I won't spoil it to you... but despite how crazy everything happens in the middle of the novel, it's hard to think of alternate way out.. it was the thrilling part that made me literally on the edge of Chair reading it..

And it's brilliant seeing the novel in two halves, this second half Jack's narrating is shocked seeing how wide,wild World can be...

"Want to go to Bed."
"They'll find us somewhere to sleep in a little while."
"No. Bed."
"You mean in Room?" Ma's pulled back, she's staring in my eyes.
"Yeah. I've seen the world and I'm tired now.”

He's may be 5 years old, A Roomer, but he's totally right about the world..
How we never have time for any thing...
“In the world I notice persons are nearly always stressed and have no time. Even Grandma often says that, but she and Steppa don't have jobs, so I don't know how persons with jobs do the jobs and all the living as well.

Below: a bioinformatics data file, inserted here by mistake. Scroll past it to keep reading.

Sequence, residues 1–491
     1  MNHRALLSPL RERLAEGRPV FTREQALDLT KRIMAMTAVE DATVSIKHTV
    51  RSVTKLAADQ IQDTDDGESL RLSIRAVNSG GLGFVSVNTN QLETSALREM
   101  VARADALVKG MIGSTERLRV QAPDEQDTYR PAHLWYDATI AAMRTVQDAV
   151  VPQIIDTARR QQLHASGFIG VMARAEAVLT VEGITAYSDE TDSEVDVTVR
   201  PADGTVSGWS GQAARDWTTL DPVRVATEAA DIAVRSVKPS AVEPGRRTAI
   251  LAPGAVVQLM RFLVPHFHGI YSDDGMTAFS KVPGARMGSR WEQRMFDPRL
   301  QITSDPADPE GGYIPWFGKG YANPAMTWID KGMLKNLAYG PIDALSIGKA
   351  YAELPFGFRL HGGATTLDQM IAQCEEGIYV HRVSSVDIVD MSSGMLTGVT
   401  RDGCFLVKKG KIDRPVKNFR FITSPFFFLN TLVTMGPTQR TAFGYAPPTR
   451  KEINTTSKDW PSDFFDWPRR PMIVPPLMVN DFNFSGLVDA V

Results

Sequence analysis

In Room me and Ma had time for everything. I guess the time gets spread very thin like butter all over the world, the roads and houses and playgrounds and stores, so there's only a little smear of time on each place, then everyone has to hurry on to the next bit....”

How we really care less than we think..
“Also everywhere I'm looking at kids, adults mostly don't seem to like them, not even the parents do. They call the kids gorgeous and so cute, they make the kids do the thing all over again so they can take a photo, but they don't want to actually play with them, they'd rather drink coffee talking to other adults. Sometimes there's a small kid crying and the Ma of it doesn't even hear.”

How we pretend..all the time on many things.